The song “It’s raining men,”first sung by the Weather Girls in 1979 and Geri Heliwell (of the Spice Girls fame) did a remake video in 2001 (check Youtube), came to mind as the US/Allied Army circa 1944 rolled into town and camped beside our boat for a couple of days.
We were in a small French town called Cambrai, when the World War II re-enactors rolled into town on their period armed personnel carriers and other vehicles, including jeeps, mess lorries and motor bikes.
All the soldiers wore full battle dress (again circa 1944) to stage a bit of a battle using blank ordinance, as part of the 70th D Day and Allied invasion anniversary celebrations.
The other reality I joined, when the troops rolled in, was that of the set of “Saving Private Ryan”. (We only watched it a month ago so the visuals were still strong.) We were suddenly in a Hollywood war movie that had a good ending.
The 180 men came mainly from the US, and the UK, there were also some Dutch, French, Czech, Russians and one Canuck. They had been on road for 10 days fighting the odd battle here and there with Germans (and the Axis forces) who were also World War II re-enactors. They had been living in the same way the troops did in 1944; same food (K rations and mess tent food), same toilet facilities (they missed hot showers the most), same clothing, cameras, and almost no plastic etc.
The vehicles were all privately owned and brought out for such occasions (it must have been interesting to see a armed car on the ferry from Dover), and the guns and uniforms belonged to each ’soldier’. They behaved like an army, with a chain of command, using army language and signs, yet all seemed to be having the time of their lives – without any danger.
We met our young Canuck – Scott as we were flying the Maple leaf and his armed vehicle parked beside our boat. His day job was a hydro-linesman for Ontario Hydro (or whatever the corporation is called these days) and he has been having fun with the re-enactments for a couple of years. He told us that they had been in situations that felt like a real war experience – spending nights in ‘foxholes’ guarding the camp. For this young man (around 20 I think) it was an incredible education, as well as an opportunity to play with historical artifacts.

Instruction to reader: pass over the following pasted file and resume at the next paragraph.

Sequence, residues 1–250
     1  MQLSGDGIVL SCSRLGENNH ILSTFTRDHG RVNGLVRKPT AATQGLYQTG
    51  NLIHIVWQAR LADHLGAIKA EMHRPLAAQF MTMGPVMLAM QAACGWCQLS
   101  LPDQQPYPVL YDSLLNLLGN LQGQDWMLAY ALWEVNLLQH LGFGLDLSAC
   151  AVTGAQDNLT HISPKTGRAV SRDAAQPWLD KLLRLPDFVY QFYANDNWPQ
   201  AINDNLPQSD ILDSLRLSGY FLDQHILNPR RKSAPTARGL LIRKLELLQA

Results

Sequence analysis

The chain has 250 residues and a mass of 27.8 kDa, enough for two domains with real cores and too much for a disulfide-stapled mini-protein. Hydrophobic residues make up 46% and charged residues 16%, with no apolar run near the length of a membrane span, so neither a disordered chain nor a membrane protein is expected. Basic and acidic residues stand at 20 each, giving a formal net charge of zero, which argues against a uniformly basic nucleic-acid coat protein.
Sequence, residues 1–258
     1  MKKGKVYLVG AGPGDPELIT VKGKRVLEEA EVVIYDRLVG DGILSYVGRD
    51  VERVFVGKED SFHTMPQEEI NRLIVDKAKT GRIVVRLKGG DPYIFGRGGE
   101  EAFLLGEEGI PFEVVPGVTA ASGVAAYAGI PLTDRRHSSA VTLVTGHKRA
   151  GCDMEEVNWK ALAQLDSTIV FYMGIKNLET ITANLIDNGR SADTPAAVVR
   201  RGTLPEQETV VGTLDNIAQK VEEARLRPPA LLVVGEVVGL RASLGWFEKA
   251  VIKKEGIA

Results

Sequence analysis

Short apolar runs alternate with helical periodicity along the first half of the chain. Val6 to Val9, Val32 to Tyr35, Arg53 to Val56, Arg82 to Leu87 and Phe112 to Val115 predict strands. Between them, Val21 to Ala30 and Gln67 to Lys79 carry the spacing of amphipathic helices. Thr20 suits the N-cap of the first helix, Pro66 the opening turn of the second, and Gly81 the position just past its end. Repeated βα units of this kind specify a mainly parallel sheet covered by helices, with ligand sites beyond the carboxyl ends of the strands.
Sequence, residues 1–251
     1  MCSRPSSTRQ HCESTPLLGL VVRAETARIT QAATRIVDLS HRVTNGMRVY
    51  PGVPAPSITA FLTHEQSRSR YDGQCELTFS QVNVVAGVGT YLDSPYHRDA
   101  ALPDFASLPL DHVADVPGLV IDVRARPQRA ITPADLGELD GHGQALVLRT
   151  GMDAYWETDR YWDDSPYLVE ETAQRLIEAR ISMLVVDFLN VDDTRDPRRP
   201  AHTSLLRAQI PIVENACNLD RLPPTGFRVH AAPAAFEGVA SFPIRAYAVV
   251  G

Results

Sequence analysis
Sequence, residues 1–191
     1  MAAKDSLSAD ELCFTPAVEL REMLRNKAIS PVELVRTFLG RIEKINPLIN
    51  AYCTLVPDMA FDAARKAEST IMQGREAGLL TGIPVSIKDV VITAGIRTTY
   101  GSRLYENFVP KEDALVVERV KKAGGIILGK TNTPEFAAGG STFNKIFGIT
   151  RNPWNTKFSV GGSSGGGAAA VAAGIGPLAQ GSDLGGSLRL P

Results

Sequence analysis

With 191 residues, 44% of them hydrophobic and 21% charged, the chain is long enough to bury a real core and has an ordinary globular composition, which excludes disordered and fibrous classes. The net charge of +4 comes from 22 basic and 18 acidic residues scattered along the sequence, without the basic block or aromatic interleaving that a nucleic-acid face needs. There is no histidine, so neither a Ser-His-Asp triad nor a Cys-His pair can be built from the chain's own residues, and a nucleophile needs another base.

There were quite a number of under 30 year olds and many others who were much older. It obviously gave them all a sense of what their fathers, grandfathers and great grandfathers had gone through 70 years ago. It was also an education for the townspeople – many of whom heard the stories of the Allies rolling through the city in 1944, but this gave them a chance to relive the memories of previous generations
Scott was quite sweet – I asked him if he missed anything from Canada – and he said Tim Hortons coffee and a caramel donut. I thought I would give him a sense of home, so I gave him an unopened can of Tim Horton’s coffee that my son had brought to me last year. (The coffee in France is really quite good so I didn’t think I would get to drink the Tim Horton’s this season).
Scott was just thrilled – on reflection we could have made a Tim Hortons advert with all the gushy patriotism that was flowing. Then I remembered that this fast food chain has recently been bought by Burger King. (maybe).
Many of the ‘soldiers’ were returning home as we left Cambrai, but some were on their way to the Ardennes to visit other battle sites and hopefully remember the dead of the `killing fields’ of World War I.
It has been a bit of a testosterone jag over the couple of weeks between the soldiers and the engineering works.
To back track a bit to leaving Brussels and joining the main canals going south to Wallonia and France. Belgium is a highly industrialized country – with large complexes making goodness knows what (concrete, steel, building materials etc) and uses its canals to move these heavy goods. Unlike the Netherlands, Belgium has hills, so the canals now have locks and lifts that take boats up and down. Heading south along the main canal we were awestruck and gobsmacked at the boats lifts we encountered.
Martin, of course was just thrilled that we and Skookum went up and down like the big barges. Our first lift was on the Canal Brussels to Charleroi at a place called Ronquieres. This lift was two large bathtubs (caisson) on rails pulled up by cables a distance of about 1432 meters (4700ft).